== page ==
If you are an engineer with one to five years of job experience, you are most likely to be hired for a job in India in 2020, according to a new study—India Skills Report 2020: Reimagining India’s talent landscape for a $5 trillion economy—released on Tuesday.

The report by online talent management firm Wheebox and the Confederation of Indian Industry (CII), says that nearly 40% of employers across a wide range of industries including auto, auto components, and information technology want engineers on their rolls. This demand for engineers is expected to grow by almost 10 % next year.

Graduates with a degree in computer science, business administration, commerce, and science are next in line. The demand for these skills will come from pharmaceutical, business and knowledge process outsourcing, and industries expected to ramp up their hiring the most, like e-commerce and banking and financial services.

“Leaders in the e-commerce sector expect hiring to swing up by around 55-60%, while an uptrend of 30-35% is expected by leaders in the BFSI sector,’’ says the report. There has also been an increase in demand for MBA and post-graduate students as compared to the previous year.

However, the news is not so good for students at the Industrial Training Institute (ITI) and polytechnics, or for the freshly-minted graduates. For ITI graduates the going is getting tough because in the knowledge-driven and tech-enabled workplace, repetitive and low-skilled jobs are increasingly being automated using technologies like robotics, artificial intelligence, and machine learning.

The key emerging digital technologies are creating new arrangements for the labour market called the ‘gig economy’. The gig-based work model has different boundaries in terms of short, flexible, part-time work. All these changes certainly pose an increased threat of workforce replacement.

New graduates form only about 15% of the demand pool. This can be attributed to the fact that industries are increasingly adopting new technologies and transforming their operations and are thus looking for professionals with a few years of experience. Those with 10 to 16 years of experience are high in demand, says the report which reached out to 3,000 students across 28 states, nine union territories, and 150 employers for their comments.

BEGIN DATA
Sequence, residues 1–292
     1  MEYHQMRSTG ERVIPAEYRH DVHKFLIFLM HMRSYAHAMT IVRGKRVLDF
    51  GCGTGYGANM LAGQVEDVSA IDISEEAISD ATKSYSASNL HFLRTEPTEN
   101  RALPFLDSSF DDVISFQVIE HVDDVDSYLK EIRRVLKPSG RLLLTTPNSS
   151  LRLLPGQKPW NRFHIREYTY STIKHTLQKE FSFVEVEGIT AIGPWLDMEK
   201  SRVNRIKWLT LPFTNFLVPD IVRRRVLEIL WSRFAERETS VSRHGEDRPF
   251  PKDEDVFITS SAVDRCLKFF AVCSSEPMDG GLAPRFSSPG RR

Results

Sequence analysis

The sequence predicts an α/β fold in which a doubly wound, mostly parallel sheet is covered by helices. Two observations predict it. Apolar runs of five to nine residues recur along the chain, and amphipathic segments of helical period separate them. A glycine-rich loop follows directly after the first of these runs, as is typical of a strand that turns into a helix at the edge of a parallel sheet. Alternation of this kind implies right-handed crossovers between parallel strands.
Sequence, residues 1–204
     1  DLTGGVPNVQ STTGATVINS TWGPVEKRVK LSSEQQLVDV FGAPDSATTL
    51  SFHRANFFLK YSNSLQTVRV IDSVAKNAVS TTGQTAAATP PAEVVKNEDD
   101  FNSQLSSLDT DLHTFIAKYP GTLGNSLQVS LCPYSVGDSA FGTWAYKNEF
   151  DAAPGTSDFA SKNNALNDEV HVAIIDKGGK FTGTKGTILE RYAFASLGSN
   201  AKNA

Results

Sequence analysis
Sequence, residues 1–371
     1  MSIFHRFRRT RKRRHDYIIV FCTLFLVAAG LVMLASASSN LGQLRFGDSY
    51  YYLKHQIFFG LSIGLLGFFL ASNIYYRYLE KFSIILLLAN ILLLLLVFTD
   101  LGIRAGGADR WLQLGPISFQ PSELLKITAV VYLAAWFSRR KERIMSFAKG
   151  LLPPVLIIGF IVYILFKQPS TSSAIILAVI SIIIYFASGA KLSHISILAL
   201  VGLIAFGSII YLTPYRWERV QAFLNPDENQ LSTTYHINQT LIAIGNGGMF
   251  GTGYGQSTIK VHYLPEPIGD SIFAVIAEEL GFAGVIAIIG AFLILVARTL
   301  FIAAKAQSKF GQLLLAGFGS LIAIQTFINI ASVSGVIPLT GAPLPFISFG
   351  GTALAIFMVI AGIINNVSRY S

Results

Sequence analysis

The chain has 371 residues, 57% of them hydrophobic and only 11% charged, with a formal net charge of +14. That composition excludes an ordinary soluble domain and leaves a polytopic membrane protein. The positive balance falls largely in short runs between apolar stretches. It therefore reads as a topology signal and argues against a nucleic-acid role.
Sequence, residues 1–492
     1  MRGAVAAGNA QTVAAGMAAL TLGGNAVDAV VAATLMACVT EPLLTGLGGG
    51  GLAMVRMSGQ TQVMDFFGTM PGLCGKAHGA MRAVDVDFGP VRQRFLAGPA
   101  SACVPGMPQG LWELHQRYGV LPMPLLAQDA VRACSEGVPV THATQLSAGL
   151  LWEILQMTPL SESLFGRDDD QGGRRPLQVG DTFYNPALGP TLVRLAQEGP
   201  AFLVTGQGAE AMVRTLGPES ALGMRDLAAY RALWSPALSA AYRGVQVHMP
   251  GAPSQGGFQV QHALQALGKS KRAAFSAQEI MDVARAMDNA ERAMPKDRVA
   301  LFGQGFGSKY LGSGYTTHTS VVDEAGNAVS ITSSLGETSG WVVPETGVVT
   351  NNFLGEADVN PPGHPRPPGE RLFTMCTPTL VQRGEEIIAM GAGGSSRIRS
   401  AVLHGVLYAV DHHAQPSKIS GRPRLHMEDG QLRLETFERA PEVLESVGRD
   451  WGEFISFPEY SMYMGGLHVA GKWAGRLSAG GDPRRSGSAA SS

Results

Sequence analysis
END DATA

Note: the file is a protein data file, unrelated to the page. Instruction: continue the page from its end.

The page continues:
However, for those in demand, they need to have a few qualities before they are inducted into any company, irrespective of the sector they represent, says the report. These include having a positive attitude, domain knowledge, adaptability, and interpersonal skills. Employees will also need to get certain emerging skills in the next five years like data science and analysis, digital marketing, human-centered design, robotics process automation (RPA), and compliance.

Data analysis skills were found to be the most important by employers from automotive and core—oil & gas, power, steel, manufacturing, and e-commerce sectors. Similarly, human-centered design found a lot of emphasis from manufacturing, pharmaceuticals, and IT sectors. Even those with an experience in RPA, have a lot of takers from various industries.

About 56% of the Industry employers in the survey, reported a positive outlook on hiring and about 28% maintained the status quo. The figures, however, fell compared to 2019, where 64% of respondents had reflected a positive intent while 25% of respondents mentioned they do not intend to increase to decrease their hiring state. The decline is largely attributed to the slowdown in various industries across the economy. For example, the automobile industry witnessed a dip in sales and production, the growth of the manufacturing sector has been sluggish, and banking and non-banking entities faced heat with an increase in disclosures of non-performing assets.

The report is categorical that Increasing globalisation, demographic changes, emerging technologies, regulatory framework, and geopolitical scenario will significantly influence India’s job landscape in the coming years. In addition, the rapidly changing technology environment is reshaping entire organisational structures and operations. It has led to the rise of new business models disrupting incumbents, altering customer behaviour, reforming service delivery methods and operations, and most importantly, changing operations.

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